Here is a gist of the challenges that most of the Indigenous businesses in Canada are facing due to global disruptions related to the pandemic.

·   Poor Access to Working Capital

This is the major issue for most of the Indigenous businesses in Canada. Most of them do not have a good relationship with the traditional banks. Also, they often face institutional bias as they are often seen as a higher risk. These businesses often lack the collateral that is needed to get loans and credits. Even though some of them have assets, it gets tough to secure a loan through them.

·   Remoteness of Communities

Be it in Nunavut, Northern Ontario, Labrador, or the Northwest Territories, the remote location of the Indigenous businesses often creates several problems. Sometimes it gets tough to ship goods. It is also logistically difficult to ship goods if there are no proper roads, highways, or airports nearby. Even without a reliable network connection and proper internet services, staying connected gets difficult. Making communication with suppliers, customers, and financial institutions is often troublesome.

·   Deprived Socioeconomic Status

·   Deprived Socioeconomic Status

Most of the Indigenous entrepreneurs aren’t well-educated. Their education level is lower than the average Canadians, with just a few having university degrees. The Indigenous Peoples account for around 30% of Canada’s federal prison population. Also, of all the women incarcerated federally, around 42% are Indigenous. Ironically, the small Indigenous businesses are generally run and owned by women. On average, the Indigenous entrepreneurs have lesser financial resources and have a small base of assets for collateral as compared to the non-Indigenous businesses. This makes it hard for Indigenous businesses to access the working capital needed for growth and sustainment.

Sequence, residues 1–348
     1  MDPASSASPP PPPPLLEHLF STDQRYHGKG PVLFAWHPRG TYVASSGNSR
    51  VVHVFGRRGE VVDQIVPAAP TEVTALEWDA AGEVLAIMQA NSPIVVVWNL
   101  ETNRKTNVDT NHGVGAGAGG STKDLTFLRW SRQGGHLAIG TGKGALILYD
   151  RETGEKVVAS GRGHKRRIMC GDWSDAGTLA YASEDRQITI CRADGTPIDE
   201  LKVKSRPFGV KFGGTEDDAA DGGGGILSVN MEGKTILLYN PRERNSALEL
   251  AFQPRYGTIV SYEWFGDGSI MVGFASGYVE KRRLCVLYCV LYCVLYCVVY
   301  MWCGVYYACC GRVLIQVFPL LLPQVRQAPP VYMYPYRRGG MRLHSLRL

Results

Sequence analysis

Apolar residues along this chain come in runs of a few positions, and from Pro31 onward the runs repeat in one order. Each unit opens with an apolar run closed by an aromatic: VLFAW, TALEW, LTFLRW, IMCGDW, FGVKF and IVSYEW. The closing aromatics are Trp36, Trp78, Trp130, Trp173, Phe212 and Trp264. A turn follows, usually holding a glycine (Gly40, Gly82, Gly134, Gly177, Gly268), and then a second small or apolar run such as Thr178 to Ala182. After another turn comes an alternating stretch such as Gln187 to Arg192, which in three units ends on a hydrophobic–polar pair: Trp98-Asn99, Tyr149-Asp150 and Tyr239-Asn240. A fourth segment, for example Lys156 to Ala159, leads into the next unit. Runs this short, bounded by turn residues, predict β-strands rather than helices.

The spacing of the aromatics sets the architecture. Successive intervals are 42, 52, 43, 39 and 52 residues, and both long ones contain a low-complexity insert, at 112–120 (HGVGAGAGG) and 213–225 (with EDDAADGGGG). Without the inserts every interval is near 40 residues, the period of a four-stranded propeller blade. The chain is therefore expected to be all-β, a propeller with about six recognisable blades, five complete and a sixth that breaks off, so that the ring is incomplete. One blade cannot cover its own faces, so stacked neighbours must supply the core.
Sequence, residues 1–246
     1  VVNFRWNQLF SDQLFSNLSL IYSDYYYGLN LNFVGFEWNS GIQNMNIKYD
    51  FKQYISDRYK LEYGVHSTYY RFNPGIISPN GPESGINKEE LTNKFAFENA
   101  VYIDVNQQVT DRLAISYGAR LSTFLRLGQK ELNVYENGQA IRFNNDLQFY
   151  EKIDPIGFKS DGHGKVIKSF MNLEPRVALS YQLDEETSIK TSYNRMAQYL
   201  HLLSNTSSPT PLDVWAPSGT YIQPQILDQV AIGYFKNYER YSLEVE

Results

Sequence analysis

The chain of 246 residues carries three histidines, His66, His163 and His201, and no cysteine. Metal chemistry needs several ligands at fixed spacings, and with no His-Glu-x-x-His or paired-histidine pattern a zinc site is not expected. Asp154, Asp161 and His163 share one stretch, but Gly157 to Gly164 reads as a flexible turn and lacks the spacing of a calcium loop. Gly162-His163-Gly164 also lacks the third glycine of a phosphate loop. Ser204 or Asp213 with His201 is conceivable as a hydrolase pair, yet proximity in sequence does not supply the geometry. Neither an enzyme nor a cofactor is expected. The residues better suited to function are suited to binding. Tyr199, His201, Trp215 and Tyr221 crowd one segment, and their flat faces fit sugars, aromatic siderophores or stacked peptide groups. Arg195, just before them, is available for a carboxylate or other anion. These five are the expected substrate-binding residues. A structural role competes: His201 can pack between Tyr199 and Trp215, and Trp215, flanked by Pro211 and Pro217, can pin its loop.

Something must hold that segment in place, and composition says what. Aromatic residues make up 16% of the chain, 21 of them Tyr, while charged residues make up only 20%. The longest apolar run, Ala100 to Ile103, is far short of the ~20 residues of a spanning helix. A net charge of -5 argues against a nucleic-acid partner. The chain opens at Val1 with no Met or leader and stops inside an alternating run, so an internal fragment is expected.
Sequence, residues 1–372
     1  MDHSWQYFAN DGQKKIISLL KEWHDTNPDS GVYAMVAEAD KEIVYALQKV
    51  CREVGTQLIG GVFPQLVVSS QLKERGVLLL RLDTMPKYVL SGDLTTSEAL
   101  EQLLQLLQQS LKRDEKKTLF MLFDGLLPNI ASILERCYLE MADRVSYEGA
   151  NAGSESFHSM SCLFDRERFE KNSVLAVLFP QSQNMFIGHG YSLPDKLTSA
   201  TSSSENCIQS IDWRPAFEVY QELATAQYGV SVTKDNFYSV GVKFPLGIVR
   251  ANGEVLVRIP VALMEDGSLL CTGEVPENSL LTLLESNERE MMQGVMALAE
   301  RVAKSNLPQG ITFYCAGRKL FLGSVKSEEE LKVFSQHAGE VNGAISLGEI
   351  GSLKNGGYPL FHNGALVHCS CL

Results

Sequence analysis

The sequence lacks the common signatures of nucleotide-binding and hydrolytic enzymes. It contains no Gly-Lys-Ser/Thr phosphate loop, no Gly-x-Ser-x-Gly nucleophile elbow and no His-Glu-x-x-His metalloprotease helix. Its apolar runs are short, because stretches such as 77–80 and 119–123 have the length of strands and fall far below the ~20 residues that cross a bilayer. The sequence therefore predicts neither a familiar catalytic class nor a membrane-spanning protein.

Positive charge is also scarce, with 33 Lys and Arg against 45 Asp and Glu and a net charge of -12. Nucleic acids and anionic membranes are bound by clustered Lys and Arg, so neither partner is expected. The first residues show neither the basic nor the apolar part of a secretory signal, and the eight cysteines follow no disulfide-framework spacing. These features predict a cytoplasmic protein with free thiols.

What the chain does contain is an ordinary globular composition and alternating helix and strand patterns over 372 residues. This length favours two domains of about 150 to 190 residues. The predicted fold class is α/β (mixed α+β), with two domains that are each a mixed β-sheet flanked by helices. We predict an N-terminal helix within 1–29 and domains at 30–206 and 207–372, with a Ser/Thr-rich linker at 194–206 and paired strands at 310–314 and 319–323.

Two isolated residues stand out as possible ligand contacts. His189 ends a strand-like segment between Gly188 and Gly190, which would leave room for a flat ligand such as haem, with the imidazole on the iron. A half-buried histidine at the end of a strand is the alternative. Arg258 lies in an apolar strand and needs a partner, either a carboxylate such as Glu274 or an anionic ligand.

Keeping every single aspect listed above in mind, and in response to the global pandemic, the First Peoples Economic Growth Fund (FPEGF) is striving to deliver the Emergency Loan Program to the Indigenous businesses in Canada. This is termed the Indigenous Business Stabilization Program (IBSP) and is given on behalf of the Government of Canada. FPEGF has approved a little more than $2.0 million for the businesses that were severely impacted by Covid-19.

Additionally, when the pandemic first hit, FPEGF deferred all the loan payments for 6 months. Also, the company extended loan payment deferrals to some of their clients who wanted additional assistance for survival. FPEGF plans on continuing its work with its local clients to help them in whichever way they can. They will also monitor new recovery programs that may arrive unannounced in the future.

In case you have any queries related to FPEGF loan referrals, consult with your Loans Account Manager at FPEGF and get all your questions answered.

To know more about Indigenous businesses and small and medium-sized businesses in Canada, do not forget to subscribe to our monthly CanadianSME Small Business Magazine.